Liquidity Pools and Liquidity Providers
Liquidity refers to how easily one asset can be converted into another asset, often a fiat currency, without affecting its market price. Before AMMs came into play, liquidity was a challenge for decentralized exchanges (DEXs) on Ethereum. As a new technology with a complicated interface, the number of buyers and sellers was small, which meant it was difficult to find enough people willing to trade on a regular basis. AMMs fix this problem of limited liquidity by creating liquidity pools and offering liquidity providers the incentive to supply these pools with assets. The more assets in a pool and the more liquidity the pool has, the easier trading becomes on decentralized exchanges.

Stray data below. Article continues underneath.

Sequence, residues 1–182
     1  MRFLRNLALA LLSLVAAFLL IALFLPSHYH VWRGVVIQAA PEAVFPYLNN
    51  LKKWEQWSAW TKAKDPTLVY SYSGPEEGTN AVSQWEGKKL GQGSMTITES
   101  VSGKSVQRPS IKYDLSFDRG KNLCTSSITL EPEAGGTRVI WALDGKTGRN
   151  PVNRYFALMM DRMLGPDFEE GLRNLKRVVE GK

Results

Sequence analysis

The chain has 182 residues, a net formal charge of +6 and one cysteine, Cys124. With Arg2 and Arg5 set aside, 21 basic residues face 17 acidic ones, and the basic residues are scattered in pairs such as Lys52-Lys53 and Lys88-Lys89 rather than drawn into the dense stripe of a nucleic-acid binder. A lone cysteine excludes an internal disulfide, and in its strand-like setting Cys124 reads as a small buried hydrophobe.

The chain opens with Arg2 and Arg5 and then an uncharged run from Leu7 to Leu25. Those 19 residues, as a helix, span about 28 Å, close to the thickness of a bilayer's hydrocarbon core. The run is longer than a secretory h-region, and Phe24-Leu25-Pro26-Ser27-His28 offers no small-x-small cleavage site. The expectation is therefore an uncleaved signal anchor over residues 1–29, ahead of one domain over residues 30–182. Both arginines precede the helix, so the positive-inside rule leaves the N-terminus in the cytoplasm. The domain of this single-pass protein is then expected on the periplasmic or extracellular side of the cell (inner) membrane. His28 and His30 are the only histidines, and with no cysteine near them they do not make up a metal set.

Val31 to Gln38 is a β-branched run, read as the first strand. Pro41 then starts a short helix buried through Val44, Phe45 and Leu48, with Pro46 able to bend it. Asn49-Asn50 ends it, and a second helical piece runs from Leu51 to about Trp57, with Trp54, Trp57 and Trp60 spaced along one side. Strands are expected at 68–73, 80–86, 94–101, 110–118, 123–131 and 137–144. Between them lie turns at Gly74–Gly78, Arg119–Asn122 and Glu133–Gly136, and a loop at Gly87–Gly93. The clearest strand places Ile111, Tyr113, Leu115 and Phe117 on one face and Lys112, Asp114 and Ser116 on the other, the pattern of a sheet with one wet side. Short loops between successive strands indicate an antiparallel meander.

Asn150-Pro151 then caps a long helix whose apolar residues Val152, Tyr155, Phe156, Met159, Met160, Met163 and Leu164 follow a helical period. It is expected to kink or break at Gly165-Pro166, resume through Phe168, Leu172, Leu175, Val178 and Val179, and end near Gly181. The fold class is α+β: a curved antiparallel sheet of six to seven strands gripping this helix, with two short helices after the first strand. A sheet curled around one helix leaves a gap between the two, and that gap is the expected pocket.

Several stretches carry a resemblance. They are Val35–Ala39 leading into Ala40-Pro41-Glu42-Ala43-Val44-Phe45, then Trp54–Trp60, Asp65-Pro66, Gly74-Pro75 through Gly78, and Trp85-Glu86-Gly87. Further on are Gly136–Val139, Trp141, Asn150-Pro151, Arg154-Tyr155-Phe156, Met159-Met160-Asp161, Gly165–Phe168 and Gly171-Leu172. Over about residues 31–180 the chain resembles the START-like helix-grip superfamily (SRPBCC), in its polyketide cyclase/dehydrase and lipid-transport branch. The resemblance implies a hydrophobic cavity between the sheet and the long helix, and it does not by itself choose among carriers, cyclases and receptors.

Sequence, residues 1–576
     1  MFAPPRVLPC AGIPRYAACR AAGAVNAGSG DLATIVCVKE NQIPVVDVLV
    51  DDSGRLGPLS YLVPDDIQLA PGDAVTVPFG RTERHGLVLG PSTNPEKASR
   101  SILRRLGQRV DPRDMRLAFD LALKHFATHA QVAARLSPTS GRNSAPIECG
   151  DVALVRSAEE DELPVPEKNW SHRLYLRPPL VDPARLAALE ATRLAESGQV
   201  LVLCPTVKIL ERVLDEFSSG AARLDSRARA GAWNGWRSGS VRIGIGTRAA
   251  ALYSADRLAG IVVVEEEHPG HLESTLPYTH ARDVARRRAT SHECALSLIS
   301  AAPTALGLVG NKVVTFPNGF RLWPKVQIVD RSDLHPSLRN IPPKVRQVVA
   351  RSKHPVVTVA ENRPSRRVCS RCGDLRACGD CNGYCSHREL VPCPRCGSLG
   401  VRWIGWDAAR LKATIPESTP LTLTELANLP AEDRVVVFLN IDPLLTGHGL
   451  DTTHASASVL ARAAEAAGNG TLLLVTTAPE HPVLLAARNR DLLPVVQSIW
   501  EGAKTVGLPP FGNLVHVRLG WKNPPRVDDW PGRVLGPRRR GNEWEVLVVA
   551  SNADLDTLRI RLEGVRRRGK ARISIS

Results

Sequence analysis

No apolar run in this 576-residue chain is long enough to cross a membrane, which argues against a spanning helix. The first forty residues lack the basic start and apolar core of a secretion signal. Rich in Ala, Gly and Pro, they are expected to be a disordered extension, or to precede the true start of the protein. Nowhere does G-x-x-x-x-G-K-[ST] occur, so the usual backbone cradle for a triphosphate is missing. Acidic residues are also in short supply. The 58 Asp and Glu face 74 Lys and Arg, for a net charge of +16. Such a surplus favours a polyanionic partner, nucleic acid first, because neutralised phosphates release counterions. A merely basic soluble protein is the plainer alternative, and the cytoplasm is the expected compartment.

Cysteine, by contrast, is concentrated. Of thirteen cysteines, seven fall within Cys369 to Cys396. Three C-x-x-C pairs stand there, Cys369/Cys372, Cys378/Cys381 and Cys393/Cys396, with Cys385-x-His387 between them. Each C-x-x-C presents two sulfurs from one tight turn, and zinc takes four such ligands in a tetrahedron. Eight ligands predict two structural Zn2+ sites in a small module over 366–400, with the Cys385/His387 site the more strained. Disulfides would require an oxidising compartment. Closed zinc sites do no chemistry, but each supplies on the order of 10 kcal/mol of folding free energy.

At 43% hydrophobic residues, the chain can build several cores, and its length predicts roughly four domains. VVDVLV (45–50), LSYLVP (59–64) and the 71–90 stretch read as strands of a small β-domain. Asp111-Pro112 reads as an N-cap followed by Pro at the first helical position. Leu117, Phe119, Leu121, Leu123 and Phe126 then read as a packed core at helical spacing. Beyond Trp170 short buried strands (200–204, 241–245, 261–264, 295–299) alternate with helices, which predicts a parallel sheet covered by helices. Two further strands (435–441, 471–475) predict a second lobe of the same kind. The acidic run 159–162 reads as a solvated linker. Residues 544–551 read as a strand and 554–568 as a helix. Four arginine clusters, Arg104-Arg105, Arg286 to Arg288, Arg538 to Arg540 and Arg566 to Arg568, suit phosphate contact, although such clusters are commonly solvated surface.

On AMM platforms, instead of trading between buyers and sellers, users trade against a pool of tokens — a liquidity pool. At its core, a liquidity pool is a shared pot of tokens. Users supply liquidity pools with tokens and the price of the tokens in the pool is determined by a mathematical formula. By tweaking the formula, liquidity pools can be optimized for different purposes.
Anyone with an internet connection and in possession of any type of ERC-20 tokens can become a liquidity provider by supplying tokens to an AMM’s liquidity pool. Liquidity providers normally earn a fee for providing tokens to the pool. This fee is paid by traders who interact with the liquidity pool. Recently, liquidity providers have also been able to earn yield in the form of project tokens through what is known as “yield farming.”
Constant Product Formula